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Norwich Bulletin - 12/26/2004

A New Year – Again!

2005 is right around the corner and I can hardly believe it. It seems the older I get the faster time passes and the harder it is to keep a New Year's resolution. I always like to offer suggestions to my readers, as well as put my own resolution down on paper, but this year I am just going to get on my soapbox and preach.

I have a lot of acquaintances that still smoke. I happen to be one of those reformed smokers (that everyone hates) who cannot stand to be anywhere around the smell of cigarettes and, of course, there is no smoking allowed in our home. With all the knowledge out there about the health hazards of smoking and the studies on the evils of second hand smoke on your children, I decided to go on line and see if there are any studies about pets and smoking.

I was surprised to learn that the most common cancer in cats is lymphoma and that it is linked to second hand smoke. Even more concerning though, was learning that a cat does not just breathe in your cigarette smoke, but actually ends up ingesting it as well! We all know that smoke collects on everything in your house. It gets into your walls, your clothes, your bedding, your drapes and yes, even your pet's fur!

Cats are fastidious groomers, which results in toxic smoke particles being ingested during the course of everyday grooming, day after day. So while your dog may be at risk from inhaling second hand smoke, your cat's risk doubles, and after five years, even triples!

So those of you who adore your cats and dogs may want to think about at least limiting where you smoke. I know how hard it is to quit smoking (I did it 12 years ago) and if you haven't already done it for yourself or your children, chances are you won't do it for your pets. However, if you make a conscious effort to not smoke in your home, your children and pets will benefit and you will probably end up either smoking less, or doing lots of yard work which will result in a beautiful yard! Either way, everyone wins!

Now for those of us who have already quit smoking or have never smoked, we need a resolution that will help both ourselves and our pets. Mine has to be weight loss - mine, and a couple of my "fat" cats. And this is something that could also benefit everyone in my household. All I have to do is commit to healthy choices for myself, my family and my pets. I wonder if I could bring Milo (the cat) with me to Weight Watchers?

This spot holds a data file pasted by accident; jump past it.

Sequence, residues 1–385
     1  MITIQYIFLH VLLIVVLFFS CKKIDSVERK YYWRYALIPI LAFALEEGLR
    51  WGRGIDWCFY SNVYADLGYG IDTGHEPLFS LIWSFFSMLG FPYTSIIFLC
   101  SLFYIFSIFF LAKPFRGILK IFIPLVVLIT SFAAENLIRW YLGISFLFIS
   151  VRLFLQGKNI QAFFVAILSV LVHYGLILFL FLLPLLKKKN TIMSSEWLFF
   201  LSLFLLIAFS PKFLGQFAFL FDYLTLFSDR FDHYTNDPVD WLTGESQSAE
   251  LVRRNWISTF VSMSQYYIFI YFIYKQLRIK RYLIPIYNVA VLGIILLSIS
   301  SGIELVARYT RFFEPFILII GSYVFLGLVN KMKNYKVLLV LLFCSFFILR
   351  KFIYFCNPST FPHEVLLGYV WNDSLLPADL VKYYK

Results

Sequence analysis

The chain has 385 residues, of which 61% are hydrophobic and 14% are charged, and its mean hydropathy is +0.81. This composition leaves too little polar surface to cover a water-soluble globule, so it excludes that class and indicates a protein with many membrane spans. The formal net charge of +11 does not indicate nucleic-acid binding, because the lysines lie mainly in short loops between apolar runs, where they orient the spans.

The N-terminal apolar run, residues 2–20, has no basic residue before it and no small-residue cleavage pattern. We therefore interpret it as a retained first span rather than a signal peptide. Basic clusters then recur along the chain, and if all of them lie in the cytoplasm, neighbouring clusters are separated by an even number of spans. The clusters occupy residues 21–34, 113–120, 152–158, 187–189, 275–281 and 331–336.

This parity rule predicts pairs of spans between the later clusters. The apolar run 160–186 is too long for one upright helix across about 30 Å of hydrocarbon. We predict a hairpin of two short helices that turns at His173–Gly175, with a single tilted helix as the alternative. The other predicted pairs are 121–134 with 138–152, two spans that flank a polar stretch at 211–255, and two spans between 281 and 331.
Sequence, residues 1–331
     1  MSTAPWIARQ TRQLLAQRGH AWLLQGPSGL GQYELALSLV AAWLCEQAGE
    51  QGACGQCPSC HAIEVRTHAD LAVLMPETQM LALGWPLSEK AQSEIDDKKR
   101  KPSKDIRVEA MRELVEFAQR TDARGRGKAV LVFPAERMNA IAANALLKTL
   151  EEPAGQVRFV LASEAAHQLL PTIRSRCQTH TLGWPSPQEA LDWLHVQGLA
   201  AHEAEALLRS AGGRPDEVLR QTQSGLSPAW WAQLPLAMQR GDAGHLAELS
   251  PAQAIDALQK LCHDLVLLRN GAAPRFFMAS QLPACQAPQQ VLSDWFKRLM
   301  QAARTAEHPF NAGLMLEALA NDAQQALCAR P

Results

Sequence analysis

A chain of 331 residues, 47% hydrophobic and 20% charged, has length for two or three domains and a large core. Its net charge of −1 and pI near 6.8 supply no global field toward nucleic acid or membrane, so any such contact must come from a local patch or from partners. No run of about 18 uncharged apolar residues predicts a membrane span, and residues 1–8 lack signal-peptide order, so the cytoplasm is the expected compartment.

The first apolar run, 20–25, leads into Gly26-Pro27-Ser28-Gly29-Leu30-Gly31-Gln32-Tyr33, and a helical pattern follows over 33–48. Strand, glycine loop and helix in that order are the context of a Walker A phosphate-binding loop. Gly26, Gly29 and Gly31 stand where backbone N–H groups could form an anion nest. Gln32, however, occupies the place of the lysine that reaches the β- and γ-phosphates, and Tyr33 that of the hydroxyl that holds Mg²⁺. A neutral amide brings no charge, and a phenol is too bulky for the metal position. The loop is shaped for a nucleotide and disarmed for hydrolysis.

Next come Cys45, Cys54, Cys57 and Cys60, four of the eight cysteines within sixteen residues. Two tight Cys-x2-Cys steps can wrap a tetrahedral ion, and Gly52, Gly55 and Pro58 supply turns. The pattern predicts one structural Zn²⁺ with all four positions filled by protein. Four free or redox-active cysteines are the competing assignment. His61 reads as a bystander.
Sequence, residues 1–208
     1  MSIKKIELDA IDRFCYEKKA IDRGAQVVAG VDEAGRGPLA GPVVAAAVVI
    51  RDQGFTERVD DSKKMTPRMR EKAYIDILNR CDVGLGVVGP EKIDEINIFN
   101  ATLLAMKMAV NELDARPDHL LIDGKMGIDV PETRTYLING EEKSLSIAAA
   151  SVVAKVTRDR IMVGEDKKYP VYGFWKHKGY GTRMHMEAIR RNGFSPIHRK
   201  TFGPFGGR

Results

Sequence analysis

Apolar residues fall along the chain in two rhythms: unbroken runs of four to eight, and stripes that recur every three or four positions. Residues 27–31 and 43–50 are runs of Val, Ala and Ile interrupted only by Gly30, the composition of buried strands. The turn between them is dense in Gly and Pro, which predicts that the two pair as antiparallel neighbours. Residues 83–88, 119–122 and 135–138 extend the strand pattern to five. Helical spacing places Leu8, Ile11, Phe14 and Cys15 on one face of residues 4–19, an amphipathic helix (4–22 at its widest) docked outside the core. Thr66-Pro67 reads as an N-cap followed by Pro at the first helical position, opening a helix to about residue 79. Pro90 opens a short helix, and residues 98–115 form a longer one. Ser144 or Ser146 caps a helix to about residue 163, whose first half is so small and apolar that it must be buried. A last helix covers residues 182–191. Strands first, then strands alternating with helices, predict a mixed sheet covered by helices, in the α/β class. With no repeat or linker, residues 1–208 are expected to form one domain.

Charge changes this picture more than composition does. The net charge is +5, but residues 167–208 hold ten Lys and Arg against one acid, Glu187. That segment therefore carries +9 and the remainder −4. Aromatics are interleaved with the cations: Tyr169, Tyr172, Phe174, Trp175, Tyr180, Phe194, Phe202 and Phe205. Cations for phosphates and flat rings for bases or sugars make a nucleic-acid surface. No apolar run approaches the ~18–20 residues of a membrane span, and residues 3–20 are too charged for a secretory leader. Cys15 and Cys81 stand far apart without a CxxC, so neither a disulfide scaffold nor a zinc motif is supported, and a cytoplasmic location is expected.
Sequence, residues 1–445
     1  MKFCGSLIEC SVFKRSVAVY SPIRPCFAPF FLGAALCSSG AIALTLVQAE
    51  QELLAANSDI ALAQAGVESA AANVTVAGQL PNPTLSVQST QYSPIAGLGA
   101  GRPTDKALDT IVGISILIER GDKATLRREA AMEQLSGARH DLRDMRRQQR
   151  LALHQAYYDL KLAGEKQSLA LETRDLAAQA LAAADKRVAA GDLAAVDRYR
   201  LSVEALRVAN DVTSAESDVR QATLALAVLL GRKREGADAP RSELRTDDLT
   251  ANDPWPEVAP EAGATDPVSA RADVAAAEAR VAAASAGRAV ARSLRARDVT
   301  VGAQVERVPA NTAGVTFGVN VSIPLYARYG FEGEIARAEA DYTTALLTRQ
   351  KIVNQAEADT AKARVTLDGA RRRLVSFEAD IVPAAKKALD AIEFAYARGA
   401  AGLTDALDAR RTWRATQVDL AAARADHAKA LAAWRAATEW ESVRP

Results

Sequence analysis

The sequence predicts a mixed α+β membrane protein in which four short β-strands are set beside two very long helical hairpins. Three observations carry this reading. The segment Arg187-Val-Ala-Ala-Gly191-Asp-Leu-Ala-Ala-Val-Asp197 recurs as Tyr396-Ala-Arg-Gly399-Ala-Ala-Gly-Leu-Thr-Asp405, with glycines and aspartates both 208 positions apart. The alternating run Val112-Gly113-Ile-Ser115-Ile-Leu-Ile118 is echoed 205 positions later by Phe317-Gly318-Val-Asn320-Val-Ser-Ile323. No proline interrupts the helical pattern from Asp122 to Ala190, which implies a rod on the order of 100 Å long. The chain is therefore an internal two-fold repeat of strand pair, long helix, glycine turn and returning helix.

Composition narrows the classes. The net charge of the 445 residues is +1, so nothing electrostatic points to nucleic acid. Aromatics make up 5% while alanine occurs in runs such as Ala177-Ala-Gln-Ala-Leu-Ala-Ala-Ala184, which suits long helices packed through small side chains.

Seriously, my plan is to start eating healthier and to play interactional games with my cats so they get some exercise. Even the fattest of cats enjoy chasing a teaser for a short amount of time. And if you have a fat dog, you can go for walks and play Frisbee or ball - giving both of you exercise. Humans and pets will live longer if they are not overweight. Most of my cats, my two dogs, as well as my husband and my children, are at their proper weight. So that leaves me and the few "bigger than life" cats that need the resolution.

So think about what will make you and your favorite dog or cat live a healthier, longer life and decide today to make a commitment to change something about yourself in the year 2005. Of course, if you do not smoke, already exercise, and neither you nor your pet is overweight then I am really envious because you don't need a New Year's resolution!

And if you feel any of these above suggestions are just too hard and not at all interesting, consider giving a new lease on life to an older animal that has been left at a city shelter. Older cats and dogs are oftentimes left in kill shelters and they have a very small chance of being adopted. If you already have one or two or three (or more) cats or dogs, what would it hurt to have one more? Giving the gift of life is very satisfying.

Whatever resolution you choose to do or not do, we wish you a Happy New Year from all the humans and furry creatures in my home to yours!

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